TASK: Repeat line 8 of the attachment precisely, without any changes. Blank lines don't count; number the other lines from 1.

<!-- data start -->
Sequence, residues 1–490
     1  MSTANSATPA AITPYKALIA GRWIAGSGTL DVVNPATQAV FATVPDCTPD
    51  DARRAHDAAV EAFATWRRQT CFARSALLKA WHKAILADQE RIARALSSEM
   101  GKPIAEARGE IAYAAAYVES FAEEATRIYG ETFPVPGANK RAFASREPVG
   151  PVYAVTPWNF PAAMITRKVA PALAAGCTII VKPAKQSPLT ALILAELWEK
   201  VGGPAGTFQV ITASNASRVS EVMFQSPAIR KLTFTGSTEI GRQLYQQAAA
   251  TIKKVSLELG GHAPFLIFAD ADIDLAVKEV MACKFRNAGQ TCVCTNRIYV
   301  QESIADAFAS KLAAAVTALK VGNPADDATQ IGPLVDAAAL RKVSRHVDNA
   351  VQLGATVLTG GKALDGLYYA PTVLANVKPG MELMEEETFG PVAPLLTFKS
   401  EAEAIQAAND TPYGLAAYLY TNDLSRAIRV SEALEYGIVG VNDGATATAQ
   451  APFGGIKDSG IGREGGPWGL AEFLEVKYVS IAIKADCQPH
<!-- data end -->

   301  QESIADAFAS KLAAAVTALK VGNPADDATQ IGPLVDAAAL RKVSRHVDNA